Growing up is not easy. Youth today are concerned about school, friends and fitting in, just as all teens have been across generations.

However, our newest generation must contend with a huge complication: growing up in today’s media-saturated world. Today, none of us are ever far from our cell phones, computers, TVs or video games.

For teens, especially, that adds up to a lot of distractions and takes time away from important things like being physically active, homework and face-to-face interaction. It can also bring on emotional and behavioral changes in youth that can become difficult to manage if not monitored.

According to the Kaiser Family Foundation, kids from ages 8-18 are now spending seven hours and 38 minutes a day, seven days a week, plugged into media.

This amount of screen time affects kids in many ways. Getting them “unplugged” and getting them to move helps them feel better, sleep better and learn better.

Here’s what you can do (without a fight) to encourage your teen to scale back on screen time and become more active.

  • Watch your own screen habits. Teens do pay attention to what you do and say. Your screen time habits send a strong role model message.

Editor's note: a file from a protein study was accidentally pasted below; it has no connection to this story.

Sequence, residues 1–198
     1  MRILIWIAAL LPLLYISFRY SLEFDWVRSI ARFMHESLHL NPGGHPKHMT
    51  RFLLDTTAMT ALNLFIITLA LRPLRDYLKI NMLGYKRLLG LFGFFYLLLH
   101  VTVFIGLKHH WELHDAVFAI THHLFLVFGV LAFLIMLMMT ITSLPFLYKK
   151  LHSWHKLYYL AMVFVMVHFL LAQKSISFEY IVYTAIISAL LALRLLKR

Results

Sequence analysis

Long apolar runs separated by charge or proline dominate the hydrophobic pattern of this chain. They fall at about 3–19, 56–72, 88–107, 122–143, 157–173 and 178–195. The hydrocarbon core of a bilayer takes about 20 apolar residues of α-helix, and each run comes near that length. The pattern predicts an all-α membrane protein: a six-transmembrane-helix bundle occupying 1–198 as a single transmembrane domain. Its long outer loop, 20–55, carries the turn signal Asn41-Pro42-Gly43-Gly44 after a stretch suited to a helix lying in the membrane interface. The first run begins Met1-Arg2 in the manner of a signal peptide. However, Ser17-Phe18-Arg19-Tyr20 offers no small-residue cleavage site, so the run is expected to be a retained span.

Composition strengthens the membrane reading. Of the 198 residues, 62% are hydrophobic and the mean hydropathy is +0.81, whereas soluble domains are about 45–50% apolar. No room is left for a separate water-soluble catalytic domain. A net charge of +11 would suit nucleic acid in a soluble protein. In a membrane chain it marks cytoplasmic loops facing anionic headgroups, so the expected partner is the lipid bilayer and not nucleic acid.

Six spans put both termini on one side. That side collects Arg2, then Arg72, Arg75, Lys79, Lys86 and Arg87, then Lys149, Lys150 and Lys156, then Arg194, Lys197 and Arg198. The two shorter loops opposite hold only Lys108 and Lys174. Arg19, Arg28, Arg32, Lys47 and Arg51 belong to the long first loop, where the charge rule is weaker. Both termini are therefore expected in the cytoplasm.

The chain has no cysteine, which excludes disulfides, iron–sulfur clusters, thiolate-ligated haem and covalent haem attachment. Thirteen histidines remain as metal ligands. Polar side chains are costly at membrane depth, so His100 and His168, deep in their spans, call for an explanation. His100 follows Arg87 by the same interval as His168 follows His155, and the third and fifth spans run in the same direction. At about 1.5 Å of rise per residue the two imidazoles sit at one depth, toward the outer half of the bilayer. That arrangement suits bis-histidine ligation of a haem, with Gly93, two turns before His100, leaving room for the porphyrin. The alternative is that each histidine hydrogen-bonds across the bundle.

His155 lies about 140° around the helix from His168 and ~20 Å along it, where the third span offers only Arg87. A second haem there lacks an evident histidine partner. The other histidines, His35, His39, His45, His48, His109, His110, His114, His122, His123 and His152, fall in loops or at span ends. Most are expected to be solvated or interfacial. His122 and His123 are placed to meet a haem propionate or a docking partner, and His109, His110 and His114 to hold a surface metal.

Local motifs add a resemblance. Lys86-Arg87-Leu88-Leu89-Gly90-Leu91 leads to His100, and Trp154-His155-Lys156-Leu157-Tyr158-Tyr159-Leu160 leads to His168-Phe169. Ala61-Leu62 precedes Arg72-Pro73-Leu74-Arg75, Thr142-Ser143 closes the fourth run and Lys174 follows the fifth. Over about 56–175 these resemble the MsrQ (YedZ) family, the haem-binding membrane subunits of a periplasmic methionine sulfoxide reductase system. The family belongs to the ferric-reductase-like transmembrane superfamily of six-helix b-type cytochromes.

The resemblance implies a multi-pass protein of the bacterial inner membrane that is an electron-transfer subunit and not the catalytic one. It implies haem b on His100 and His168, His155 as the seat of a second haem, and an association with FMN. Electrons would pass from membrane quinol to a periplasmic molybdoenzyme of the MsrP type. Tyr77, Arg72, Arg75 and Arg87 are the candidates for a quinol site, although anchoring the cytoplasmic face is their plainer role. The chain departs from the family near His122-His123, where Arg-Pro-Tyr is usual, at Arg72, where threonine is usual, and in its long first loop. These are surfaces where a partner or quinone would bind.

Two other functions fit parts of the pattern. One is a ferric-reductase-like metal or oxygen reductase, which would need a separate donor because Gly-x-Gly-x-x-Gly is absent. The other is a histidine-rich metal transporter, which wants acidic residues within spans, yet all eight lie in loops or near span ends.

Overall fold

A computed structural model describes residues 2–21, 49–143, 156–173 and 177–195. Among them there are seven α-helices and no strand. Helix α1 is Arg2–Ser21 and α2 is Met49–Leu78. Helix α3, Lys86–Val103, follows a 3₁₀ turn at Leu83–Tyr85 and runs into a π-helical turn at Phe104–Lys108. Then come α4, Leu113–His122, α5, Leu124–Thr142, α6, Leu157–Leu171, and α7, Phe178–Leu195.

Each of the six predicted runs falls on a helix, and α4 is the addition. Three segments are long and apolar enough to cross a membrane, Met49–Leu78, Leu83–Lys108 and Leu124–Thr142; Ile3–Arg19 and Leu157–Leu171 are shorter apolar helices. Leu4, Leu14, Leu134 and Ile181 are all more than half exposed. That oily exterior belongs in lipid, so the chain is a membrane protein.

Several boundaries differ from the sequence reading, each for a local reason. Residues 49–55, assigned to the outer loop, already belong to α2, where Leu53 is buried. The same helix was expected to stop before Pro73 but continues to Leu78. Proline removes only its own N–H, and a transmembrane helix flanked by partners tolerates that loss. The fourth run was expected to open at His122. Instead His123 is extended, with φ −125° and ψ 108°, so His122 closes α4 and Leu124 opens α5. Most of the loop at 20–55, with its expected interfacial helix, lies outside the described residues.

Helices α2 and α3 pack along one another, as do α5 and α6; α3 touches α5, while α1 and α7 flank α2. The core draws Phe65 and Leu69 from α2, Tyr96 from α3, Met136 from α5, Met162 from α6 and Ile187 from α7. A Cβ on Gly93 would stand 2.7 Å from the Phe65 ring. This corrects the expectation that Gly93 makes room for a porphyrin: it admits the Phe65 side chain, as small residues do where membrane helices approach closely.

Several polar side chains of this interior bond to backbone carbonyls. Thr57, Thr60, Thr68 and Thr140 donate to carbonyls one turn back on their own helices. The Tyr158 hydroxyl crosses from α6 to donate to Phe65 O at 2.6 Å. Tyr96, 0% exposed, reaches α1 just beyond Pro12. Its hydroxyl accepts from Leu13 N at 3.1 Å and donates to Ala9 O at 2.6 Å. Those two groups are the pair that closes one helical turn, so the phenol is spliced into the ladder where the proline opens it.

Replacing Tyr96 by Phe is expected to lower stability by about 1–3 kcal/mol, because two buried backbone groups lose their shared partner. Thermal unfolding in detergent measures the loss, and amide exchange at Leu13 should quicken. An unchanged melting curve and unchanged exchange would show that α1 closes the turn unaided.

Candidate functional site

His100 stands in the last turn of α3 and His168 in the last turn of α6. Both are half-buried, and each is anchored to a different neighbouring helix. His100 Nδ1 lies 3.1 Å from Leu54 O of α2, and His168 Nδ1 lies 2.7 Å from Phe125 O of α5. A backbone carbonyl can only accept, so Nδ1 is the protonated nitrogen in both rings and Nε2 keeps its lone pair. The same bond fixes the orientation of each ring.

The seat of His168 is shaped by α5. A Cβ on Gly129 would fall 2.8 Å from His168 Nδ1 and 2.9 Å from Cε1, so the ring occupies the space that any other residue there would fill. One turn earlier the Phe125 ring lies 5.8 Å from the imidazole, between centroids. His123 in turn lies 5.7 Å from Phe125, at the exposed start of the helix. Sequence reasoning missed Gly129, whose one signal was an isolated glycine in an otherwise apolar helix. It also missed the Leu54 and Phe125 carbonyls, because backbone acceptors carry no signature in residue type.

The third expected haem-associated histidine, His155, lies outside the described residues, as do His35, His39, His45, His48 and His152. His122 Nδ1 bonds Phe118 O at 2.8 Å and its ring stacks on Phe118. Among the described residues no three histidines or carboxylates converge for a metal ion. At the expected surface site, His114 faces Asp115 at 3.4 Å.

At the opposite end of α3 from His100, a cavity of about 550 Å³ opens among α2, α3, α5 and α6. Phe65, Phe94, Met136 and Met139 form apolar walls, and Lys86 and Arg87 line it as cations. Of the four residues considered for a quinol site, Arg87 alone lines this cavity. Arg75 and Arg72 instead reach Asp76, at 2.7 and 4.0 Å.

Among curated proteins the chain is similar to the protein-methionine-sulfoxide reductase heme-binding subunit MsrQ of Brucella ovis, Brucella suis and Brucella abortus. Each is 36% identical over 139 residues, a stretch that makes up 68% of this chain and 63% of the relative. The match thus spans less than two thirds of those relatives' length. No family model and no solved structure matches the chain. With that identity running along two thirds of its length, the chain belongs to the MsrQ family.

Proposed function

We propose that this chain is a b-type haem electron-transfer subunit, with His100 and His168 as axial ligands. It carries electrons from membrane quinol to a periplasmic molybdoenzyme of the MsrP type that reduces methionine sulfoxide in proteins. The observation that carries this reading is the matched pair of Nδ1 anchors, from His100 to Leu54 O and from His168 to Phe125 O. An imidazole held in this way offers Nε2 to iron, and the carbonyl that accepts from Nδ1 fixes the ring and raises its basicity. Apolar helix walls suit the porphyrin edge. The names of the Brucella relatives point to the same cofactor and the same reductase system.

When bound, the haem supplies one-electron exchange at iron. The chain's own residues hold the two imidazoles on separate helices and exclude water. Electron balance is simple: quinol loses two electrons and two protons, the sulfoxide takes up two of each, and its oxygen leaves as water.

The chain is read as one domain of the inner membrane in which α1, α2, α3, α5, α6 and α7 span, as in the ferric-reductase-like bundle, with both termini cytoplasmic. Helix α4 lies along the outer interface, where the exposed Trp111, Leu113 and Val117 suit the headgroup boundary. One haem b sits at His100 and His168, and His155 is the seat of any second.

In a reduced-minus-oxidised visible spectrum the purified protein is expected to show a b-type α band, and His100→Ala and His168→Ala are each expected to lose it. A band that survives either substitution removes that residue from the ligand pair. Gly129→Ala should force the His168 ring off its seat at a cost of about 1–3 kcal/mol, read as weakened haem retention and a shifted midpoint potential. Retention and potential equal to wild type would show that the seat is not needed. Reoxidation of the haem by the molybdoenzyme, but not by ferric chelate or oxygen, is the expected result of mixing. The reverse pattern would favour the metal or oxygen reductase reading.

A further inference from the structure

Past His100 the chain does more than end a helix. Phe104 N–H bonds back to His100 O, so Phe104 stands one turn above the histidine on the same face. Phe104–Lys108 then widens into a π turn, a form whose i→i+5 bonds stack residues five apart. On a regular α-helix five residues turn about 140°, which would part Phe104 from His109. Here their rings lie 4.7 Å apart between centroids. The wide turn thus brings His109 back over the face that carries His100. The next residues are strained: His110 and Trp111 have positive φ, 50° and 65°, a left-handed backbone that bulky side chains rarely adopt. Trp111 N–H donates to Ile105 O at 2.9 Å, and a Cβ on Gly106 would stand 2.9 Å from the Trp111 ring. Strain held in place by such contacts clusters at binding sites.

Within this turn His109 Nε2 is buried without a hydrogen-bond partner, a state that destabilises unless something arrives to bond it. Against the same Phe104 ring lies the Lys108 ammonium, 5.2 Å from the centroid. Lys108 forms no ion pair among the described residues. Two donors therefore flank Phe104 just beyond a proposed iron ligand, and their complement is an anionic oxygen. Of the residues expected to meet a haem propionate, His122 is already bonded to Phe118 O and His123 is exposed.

• Remind kids to limit screen use. Banning electronics isn’t realistic. Today’s kids were born into a digital world. It’s up to us to remind them there is an “unplugged” world.

  • Motivate your teen to exercise. Many kids drop out of sports during the teen years. Let them choose the type of activity they want to participate in and then support that choice by providing transportation and coordinating your schedules. Exercise videos may be an option, or it’s as simple as walking the dog.

  • Encourage activities through school, church, library, or volunteer work that are socially engaging. The local Humane Society is a great place for young teens to volunteer and learn responsibility. Actual interaction with other people has life-long benefits.

  • Create screen rules together. You’ll be more likely to get your teen’s buy-in if you come up with screen-time rules as a family. Together write up a contract that outlines clear house rules with rewards and agreed upon consequences if not followed. Here are some suggestions for rules: no texting during meals, no TV during meals, no TV or screen time until after homework and chores are done. It will also be beneficial to agree on a time for all electronics to be turned off in the evening, including TV. The computer should stay in a public room in the home and keep the TV out of your child’s bedroom.

Talk about it. Simply setting limits won’t go over well with older teens who need to have rules that make sense to them. Show them facts about the impact of using too much media so they understand your rules aren’t unfounded and that you’ve got their best interests and good health at heart.

For more information call Horizon Public Health at 320-208-6672.

Marcia Schroeder is a registered nurse with Horizon Public Health, which serves five counties, including Douglas County. Contact her at information in this column was provided by the Minnesota Department of Health and Brandon Klein, Horizon Public Health’s environmental health specialist.